Many of you enthusiastic mobile gamers will have heard of EDGE, the critically-acclaimed iOS game. The developers have recently not only ported this to Android, but also released its successor, EDGE Extended. What does this game have to offer that the first one didn’t, and is it in any way an improvement? Read on to find out…
What is EDGE Extended?
In EDGE, you take the role of a flashing multicolored cube, making your way around an isometric universe of ledges and ridges. You have to reach the end of the level without falling off or getting knocked into the void beneath you. As you progress through the levels, this becomes more and more difficult to achieve, as the structure of the level can change depending on traps you trigger, or events that are designed to make reaching the objective a pain.
To make things a little easier, you are able to collect checkpoints along your way. This means that, if you fall off the map, you don’t have to restart all the way from the beginning. In the harder levels this is a real blessing; there would be nothing more infuriating than getting the timing for 10 different manoeuvres perfect, failing the 11th, and having to redo the lot.
Within this version of EDGE is a new and improved graphics engine, with the alterations clearly distinguishable from the first game. The most notable improvement is the ability for the camera to relocate itself depending on where the cube is. For example if I move underneath another structure, the camera alters its position to give me a clearer view of what I am doing.
When you first load a level, it builds itself in a fashion that I can only describe as resembling the Pipes screensaver on old WinXP computers. I am not sure whether the 3D improvements have a hand in this, or whether this was in the original version of EDGE.
What You Get
The developers of EDGE Extended decided to offer three control types. The first is dragging, which I don’t think works well for this type of game at all. You never know how much ‘strength’ to put into the drags, especially when you want to keep the cube moving along. If you want to move one place to the right, you will swipe too hard and end up moving two, and then fall off the level.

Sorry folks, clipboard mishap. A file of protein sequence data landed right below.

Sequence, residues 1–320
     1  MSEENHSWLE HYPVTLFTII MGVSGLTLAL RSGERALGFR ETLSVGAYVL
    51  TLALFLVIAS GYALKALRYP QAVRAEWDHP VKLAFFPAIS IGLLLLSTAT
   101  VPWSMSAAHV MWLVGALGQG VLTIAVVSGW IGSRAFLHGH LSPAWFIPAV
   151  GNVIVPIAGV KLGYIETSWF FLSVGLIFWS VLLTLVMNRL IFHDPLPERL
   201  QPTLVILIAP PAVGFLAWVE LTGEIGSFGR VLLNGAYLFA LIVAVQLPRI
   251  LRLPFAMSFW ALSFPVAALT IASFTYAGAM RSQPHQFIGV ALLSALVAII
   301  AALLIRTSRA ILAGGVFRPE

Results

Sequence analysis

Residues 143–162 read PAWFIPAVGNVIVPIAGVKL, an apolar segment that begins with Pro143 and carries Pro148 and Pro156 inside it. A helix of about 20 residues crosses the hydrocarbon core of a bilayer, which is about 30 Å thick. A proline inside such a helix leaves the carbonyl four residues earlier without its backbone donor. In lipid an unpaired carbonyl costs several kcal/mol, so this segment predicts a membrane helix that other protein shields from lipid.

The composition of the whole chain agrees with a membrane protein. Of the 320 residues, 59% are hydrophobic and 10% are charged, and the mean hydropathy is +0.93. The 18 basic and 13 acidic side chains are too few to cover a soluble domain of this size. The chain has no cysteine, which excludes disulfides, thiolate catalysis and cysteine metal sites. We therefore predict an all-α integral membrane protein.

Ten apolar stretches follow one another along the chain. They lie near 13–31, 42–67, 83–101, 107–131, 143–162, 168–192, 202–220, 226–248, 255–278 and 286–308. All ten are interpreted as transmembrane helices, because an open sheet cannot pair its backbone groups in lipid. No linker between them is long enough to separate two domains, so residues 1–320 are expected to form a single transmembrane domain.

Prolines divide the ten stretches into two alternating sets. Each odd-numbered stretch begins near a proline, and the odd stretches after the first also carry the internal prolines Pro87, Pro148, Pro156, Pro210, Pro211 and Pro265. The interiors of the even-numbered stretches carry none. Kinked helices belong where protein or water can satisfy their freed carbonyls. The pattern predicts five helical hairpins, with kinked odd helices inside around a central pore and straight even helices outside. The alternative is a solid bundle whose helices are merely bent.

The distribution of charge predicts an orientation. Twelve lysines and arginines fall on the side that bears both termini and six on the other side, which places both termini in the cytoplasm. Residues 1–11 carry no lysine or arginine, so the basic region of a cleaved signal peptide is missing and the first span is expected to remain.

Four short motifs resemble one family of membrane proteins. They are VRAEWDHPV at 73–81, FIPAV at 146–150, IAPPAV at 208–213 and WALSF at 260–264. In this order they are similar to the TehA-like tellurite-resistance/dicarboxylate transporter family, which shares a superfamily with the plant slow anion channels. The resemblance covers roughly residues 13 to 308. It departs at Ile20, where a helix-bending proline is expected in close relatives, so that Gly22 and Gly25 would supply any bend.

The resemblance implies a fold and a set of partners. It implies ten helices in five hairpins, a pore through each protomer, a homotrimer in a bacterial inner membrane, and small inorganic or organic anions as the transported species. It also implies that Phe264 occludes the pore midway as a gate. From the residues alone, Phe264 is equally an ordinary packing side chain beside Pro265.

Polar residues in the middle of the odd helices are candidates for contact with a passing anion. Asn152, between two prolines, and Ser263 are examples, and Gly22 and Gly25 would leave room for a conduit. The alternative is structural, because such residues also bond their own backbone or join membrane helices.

The second choice, of using the accelerometer controls, is really difficult to get into as well. When the cube starts to roll over, things turn into an ‘all or nothing’ situation, similar to the dragging control method. If you tip your device far enough to make the cube roll onto its next side, it will then keep rolling rapidly until you level the device again. This means that, on the levels with thin walkways, you easily fall off the edge into the void because the cube doesn’t stop when or where you want it to.
The third and final choice is the on-screen directional pad, which is by far the best way of controlling the cube. A single tap on one of the arrows and the cube moves in that direction; tap and hold and it moves rapidly and stops immediately when you let go. To ‘hang on’ to the sides of blocks, just quickly tap repeatedly.
The largest advertising point for EDGE Extended was the addition of 48 new levels. Unfortunately, they aren’t anything worth shouting about. They are in no way ‘better’ than the levels included in the first EDGE game. I think they are aimed to be a booster pack for people who enjoyed the first EDGE game, and are looking for more.
Is It Fun?
Well, it depends on whether you attain fun from a challenge that requires timing, delicate control and precision. If you suspect you would enjoy such a game, then yes this will probably be great fun for you. If, like me, you enjoy a game you can play through without the frustration of constantly losing the level due to poor controls and overly complex levels (or are just clumsy…), then you’ll get exasperated rather quickly.
One thing that won me back (a bit) was discovering the landscape mode. I originally looked for ages to find a toggle of some kind, since the game struck me as one which would feel and look much better in landscape on my phone. Frustratingly I couldn’t find an obvious way to do this. After a quick Google I found that you can switch to a landscape mode if you hold two fingers on the screen, and then rotate in the direction you wish to play the game in. This should have been made plain in the first place, but once I got the game into landscape I began to enjoy it much more!
This sequel to the original Edge game is pretty much the same as Expansion content on PC games. All you are getting is a heap of new levels and a slightly modified graphics library. Releasing it as a new game seems a bit cheeky to me. It should have been thrown in with the ordinary game, re-advertised as improved, and then existing fans could have received them as a free update while Mobigame earned money from the sales caused by word of mouth.
For a rating I think EDGE Extended gets 7/10. Why? Well it’s a fun game but by no means any more sensational or gripping than its predecessor. If you only bought the first game, you couldn’t really tell the difference.